Furthermore, my university shows their automotive incentives by having a formula student team, called “E-Team Duisburg-Essen”. Inside the team, I help work with the Cost Report department. My main responsibility is tracking all costs from different assemblies to adjust processes. I am also asked to make strategic decisions whether to internally make or externally buy certain components. The overview of the costing as well as the engineering side of our department allows us to work closely with other engineers to discuss any future improvements on the car and prioritize the upgrades. This year’s new season will allow us to present a race car and its associated costs, as well as innovations in front of the Formula Student Jury. This will be judged by the jury to determine the overall feasibility of our racing team.

Next steps

From a formula student perspective, I want to continue for at least another season with my team, until finishing my master’s degree. I am really looking forward to our team racing in Italy and Andorra (if possible) and doing the best we can. Inside the team, I see myself becoming more technical and getting involved in the development of the racing car for the next coming year. . In my opinion, the active involvement in the building process will be an experience, you can only get in Formula Student. You start by creating the first CAD models, while afterwards, running several analyses such as FEM or CFD on the component. Finally, you build the ready part and assemble it to the vehicle. Where else would you be able to do all of this on your own and in a racing environment? You are pretty much already working as a race engineer inside Formula Student. I like to call it a “baby F1” and I think it will prepare me well for the real deal.

A good solid plan will allow me to finish my premasters this summer and hopefully the entire automotive program by the end of 2022. I will outsource as much as I can to find yet another internship, best possibly as a graduation placement including a thesis. Ideally, this placement would be inside motorsports or automotive. I want to use my engineering experience gained inside the Formula Student team as well as the master’s program and have it tested in a business environment. Every work placement so far has been more or less on the business side, but as an industrial engineer, you have the opportunity to go either direction and get more practical and hands-on if need be.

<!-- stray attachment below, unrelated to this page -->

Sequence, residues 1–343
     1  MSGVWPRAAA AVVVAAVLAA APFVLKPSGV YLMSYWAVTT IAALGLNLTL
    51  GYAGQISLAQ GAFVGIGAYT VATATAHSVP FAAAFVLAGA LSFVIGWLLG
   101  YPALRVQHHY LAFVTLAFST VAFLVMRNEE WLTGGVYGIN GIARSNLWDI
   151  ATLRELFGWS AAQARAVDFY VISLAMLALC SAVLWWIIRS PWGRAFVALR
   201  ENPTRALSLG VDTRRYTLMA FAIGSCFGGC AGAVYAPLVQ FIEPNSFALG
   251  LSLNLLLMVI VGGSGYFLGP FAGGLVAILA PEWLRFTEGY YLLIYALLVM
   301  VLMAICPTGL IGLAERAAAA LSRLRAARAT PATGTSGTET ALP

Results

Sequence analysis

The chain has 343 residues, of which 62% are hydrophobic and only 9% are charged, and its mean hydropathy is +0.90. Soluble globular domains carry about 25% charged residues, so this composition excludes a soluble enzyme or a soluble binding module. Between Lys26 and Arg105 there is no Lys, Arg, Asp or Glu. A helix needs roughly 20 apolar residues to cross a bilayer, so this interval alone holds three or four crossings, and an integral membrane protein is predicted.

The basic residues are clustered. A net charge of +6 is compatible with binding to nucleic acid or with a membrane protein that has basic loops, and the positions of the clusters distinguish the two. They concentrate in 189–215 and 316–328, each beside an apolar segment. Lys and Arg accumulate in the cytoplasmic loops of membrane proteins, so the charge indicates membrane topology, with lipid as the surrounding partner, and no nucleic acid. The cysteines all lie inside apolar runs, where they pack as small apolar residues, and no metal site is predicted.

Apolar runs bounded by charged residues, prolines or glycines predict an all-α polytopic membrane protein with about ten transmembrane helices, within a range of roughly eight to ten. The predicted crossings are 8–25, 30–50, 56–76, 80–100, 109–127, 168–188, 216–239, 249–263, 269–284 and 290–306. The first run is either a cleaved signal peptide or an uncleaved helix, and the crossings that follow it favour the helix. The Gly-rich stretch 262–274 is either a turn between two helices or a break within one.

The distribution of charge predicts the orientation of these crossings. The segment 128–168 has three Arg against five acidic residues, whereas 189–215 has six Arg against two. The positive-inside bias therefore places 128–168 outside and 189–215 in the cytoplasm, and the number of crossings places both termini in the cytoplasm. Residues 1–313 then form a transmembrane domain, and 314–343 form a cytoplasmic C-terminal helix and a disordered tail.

Planning life is never easy, I think life is like a marathon, and certainly not a sprint, so you should take your time and go with what flows best for you. As of right now, there are three goals I have set for myself. The first possibility is to start working. If I find an interesting placement inside the motorsports industry, such as research, testing and engineering. I think real work experience on a car in such a competitive environment could get myself a shot at F1. My second goal would be for me to pursue a PhD with engineering. For a couple of months now, I have been profoundly interested in mechanics as well as fluid dynamics, reading many books on the subject during my free time had me releasing that I could see myself researching for a PhD within this direction of mechanics. Lastly, my third goal set for my future self would be to completely expand and diversify my engineering knowledge to the next level by studying aeronautical engineering. Becoming fluent in every engineering detail on the highest level (with machines that could go supersonic) is something that really fascinates me, but of course everything takes time if it is to be completed with near perfection, we shall see what the future holds within due time. 

What inspiration would you like to share?

In conclusion, if I could advise the future generation on something, it would be to fully commit to what you love doing and always be eager to learn and develop. I think you can learn from everybody, so it is important to keep an open mind and have a strong work ethic and attitude to getting outside of the comfort zone and seeking inspiration in places you normally would not, such as living in different cities or countries.

Furthermore, you should always strive to have the best education you can, but having said that you must remember, it is not just what you do during your time on the field but also how you learn and develop yourself at times off the field and in your free time. Be committed not to just motorsports or whatever your passion may be but to growing and learning as an individual in general, it can be as simple as reading a book or just surfing the internet for some more research. There will probably be a lot of people studying towards the same degree as you, so you must remember, it is important to stand out from the crowd.

Lastly, I would like everybody to feel more than welcome to add me on LinkedIn: Please feel free to get in contact with me to share thoughts, talk cars or just get in touch for the future. If you need any more information on Formula Student, I would be more than happy to help and I hope to meet some of you in a future F1 paddock. Remember: Keep working hard but enjoy the journey. Life is a marathon, not a sprint.

“You don’t expect to be at the top of the mountain the day you start climbing.” – ex McLaren CEO, Ron Dennis